(110 min., rated PG-13 for sequences of action violence throughout, and brief strong language) Grade: B
'Knight and Day' (The Oregonian, Wednesday, June 23, 2010)
Slightly different version of a movie review in the Friday, June 18 Oregonian....
In the year's least surprising news, "Toy Story 3" continues Pixar's near-perfect streak.
The studio's third outing with the motley crew of talking toys is ridiculously entertaining, tightly plotted, laugh-out-loud funny and emotionally true. It might even be the best in the series. It certainly has the biggest adventure and covers the most emotional territory.
Let's face it: The sheer indomitable high quality of Pixar movies is getting kind of silly at this point. (I'm starting to wonder if the studio made a supernatural pact in the '90s that created a secret "Dorian Gray" vault filled with the worst cartoons ever made.) Of course, the more complicated truth is that Pixar works harder and smarter than everyone else, and thoroughly cooks its stories before serving.
I got a tiny glimpse of Pixar's process back in 2003, when I interviewed Andrew Stanton and "Toy Story 3" director Lee Unkrich while they were working together on "Finding Nemo." Stanton mentioned that "Toy Story 2" -- which was originally designed to go straight to video -- was "reconceived until the 11th hour" because the straight-to-video version, in his words, "sucked." He laughed and added: "We (ital) always (ital) think our stuff sucks. And then we're like, 'Well, then let's do it again, until it doesn't.... Maybe this time I can actually get it a little closer to the bull's-eye in the script form before we have to go and add a lot of people to the process."
I suspect "Toy Story 3" works as well as it does because Unkrich and his team were exactly this ruthless. The film feels fine-tuned within an inch of its life and yet somehow still manages to feel alive and funny and loose and inventive.
The movie's set about a decade after the first "Toy Story," Young Andy is now a teenager headed for college. His toys -- Woody (voiced by Tom Hanks), Buzz (Tim Allen) and most of the rest of the gang -- end up in a day-care center. At first, this seems like paradise; the toys will be loved by endlessly recycled crops of young children. But reality sets in after the toys end up in a room full of wild toddlers who use them as paintbrushes and pacifiers.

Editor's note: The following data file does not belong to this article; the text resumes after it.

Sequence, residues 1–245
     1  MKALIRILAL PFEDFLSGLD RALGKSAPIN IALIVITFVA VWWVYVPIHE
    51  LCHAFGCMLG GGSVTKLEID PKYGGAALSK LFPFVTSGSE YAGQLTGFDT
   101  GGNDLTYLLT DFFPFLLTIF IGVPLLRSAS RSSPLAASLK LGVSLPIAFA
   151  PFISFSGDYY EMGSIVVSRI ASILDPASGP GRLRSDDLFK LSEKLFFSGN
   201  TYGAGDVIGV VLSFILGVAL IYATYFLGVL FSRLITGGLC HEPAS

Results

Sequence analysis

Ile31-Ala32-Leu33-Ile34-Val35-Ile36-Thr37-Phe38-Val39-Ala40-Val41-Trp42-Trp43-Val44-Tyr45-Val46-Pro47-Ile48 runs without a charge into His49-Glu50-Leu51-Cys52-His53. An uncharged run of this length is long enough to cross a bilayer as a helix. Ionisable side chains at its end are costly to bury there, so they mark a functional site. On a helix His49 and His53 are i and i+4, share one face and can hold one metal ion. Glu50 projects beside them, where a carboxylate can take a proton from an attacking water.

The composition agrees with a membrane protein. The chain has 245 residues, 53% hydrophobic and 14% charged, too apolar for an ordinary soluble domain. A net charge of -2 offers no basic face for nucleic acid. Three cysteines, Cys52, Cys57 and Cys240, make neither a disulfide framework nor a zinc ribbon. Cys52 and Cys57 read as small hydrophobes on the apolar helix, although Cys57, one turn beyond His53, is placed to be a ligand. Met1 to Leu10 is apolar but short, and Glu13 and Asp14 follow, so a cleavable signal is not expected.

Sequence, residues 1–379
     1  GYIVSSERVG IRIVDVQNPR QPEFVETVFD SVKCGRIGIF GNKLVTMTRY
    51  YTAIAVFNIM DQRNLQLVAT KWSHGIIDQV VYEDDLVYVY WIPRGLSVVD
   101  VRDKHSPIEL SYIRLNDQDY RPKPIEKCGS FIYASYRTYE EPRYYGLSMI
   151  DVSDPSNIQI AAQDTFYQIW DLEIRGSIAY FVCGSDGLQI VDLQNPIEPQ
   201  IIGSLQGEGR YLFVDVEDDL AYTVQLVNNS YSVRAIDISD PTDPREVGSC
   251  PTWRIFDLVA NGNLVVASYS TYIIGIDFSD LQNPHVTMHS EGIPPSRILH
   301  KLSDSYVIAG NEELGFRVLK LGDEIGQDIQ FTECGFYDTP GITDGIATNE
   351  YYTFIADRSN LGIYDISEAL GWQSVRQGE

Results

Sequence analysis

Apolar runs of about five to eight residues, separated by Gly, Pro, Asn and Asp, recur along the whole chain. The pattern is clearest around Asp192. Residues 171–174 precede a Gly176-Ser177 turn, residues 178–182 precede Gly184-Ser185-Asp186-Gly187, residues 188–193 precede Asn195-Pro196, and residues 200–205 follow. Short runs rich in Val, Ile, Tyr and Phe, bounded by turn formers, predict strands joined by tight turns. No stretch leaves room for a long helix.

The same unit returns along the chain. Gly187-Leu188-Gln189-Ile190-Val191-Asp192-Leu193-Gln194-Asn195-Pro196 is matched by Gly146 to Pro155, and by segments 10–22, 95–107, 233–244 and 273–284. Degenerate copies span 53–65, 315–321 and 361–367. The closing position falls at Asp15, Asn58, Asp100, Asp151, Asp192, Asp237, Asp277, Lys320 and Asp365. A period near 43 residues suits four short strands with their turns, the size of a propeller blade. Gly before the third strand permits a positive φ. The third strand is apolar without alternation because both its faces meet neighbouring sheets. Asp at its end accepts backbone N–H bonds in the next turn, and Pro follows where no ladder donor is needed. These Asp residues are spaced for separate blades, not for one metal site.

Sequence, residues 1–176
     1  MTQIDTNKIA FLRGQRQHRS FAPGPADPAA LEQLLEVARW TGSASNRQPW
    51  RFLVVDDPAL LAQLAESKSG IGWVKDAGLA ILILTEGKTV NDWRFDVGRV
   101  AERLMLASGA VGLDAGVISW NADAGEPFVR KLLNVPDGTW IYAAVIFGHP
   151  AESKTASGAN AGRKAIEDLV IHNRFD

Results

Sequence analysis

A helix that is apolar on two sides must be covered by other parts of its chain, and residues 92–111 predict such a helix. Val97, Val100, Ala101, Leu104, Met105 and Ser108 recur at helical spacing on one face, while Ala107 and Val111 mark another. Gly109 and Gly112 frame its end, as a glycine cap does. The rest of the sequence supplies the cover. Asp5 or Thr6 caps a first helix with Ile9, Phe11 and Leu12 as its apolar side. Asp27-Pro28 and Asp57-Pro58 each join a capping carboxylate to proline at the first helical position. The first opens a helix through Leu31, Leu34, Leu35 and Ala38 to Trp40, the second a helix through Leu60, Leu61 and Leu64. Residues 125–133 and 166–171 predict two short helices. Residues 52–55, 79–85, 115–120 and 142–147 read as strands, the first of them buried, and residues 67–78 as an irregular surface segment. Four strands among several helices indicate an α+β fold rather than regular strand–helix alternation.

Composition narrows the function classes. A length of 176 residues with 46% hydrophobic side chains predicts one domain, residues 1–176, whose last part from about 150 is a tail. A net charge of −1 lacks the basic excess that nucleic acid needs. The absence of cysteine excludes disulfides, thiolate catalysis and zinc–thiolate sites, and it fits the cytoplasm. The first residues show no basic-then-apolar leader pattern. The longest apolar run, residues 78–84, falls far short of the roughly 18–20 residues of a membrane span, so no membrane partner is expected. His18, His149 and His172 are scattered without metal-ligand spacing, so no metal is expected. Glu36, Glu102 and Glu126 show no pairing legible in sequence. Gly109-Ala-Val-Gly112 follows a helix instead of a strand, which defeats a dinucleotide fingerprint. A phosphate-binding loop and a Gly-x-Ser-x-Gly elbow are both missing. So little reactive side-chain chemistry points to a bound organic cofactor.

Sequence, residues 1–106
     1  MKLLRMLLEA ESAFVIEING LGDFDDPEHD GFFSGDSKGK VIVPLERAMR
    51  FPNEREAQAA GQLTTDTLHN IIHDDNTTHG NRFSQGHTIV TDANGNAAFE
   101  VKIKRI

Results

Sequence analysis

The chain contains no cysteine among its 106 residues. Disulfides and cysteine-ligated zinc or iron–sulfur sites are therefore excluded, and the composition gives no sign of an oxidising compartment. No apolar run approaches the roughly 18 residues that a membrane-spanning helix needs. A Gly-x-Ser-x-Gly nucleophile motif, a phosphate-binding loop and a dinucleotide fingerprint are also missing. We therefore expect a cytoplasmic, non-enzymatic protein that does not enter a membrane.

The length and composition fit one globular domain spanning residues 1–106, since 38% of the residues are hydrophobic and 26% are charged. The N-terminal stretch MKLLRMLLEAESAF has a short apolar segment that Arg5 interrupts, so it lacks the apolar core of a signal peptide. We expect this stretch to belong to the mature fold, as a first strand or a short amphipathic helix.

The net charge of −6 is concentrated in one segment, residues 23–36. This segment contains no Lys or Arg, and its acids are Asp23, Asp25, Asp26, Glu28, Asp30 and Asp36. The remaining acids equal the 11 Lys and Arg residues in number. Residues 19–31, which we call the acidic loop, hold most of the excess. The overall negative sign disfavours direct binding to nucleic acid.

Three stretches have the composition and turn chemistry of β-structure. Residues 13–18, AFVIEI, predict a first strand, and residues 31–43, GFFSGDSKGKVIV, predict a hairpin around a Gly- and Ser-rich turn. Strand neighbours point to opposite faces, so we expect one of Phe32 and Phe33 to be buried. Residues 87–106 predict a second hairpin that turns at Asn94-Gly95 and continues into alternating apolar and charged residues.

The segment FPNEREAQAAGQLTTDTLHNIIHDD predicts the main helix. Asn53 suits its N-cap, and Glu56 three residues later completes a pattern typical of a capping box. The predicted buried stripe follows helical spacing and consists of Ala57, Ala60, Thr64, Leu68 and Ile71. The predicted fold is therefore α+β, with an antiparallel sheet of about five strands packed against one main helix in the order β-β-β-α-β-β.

And it's here that "Toy Story 3" takes a turn into genius. It becomes a straight-up prison-camp escape picture -- modeled very consciously on classic films like "Stalag 17," "The Great Escape" and "Cool Hand Luke," right down to the music -- with the evil warden taking the form of a good-ol'-boy stuffed animal named Lots-o'-Huggin' Bear (voiced to perfection by Ned Beatty). The day-care sandbox becomes "the box," the jungle gym becomes the guard tower, the whole nine.
I don't want to spoil the surprises that follow -- the movie really rewards knowing as little as possible going in -- but from that point on, "Toy Story 3" essentially has you in the palm of its hand. At times it gave me that same little frisson of joy I got from Pixar's best film, "The Incredibles," where I found myself grinning from ear-to-ear at the sheer inventiveness of the adventure set-pieces and the uses the film finds for its many characters. (The addition of Barbie and Ken to the cast is hilarious, as are the creative indignities heaped on Don Rickles' Mr. Potato Head. And when someone holds one toy's reset button down too long ... well, let's just say Antonio Banderas' Puss-In-Boots finally has some competition.)
Like classic Disney cartoons, the movie doesn't pull its punches or insult its audience -- the action-packed climax feels positively apocalyptic at times, and while the movie isn't maudlin, it also doesn't shy away from the melancholy of growing older and leaving your toys behind. There's one particular scene along those lines that filled the preview-screening theater with tiny sobs. In a nice way. This was followed shortly by applause.
And yes, there's a new Pixar short in front of the film, and yes, it's pretty fantastic. Titled "Day & Night," it's a conceptual piece about two characters whose bodies are transparent, filled with gorgeously animated landscapes that reflect their emotional states. It's a deceptively simple little movie about the power of appreciating different ideas and perspectives, and I've never seen anything quite like it.
As Stanton told me in 2003: "We started to recognize that equation -- that if something looked deceivingly simple, there was probably so much blood, sweat and tears behind it to make it look effortless." Both "Toy Story 3" and "Day & Night" reflect this uncompromising work ethic, and it's wonderful to finally have a 2010 summer blockbuster I can endorse without a single reservation.
(102 min., rated G) Grade: A
'Toy Story 3' (The Oregonian, Friday, June 18, 2010)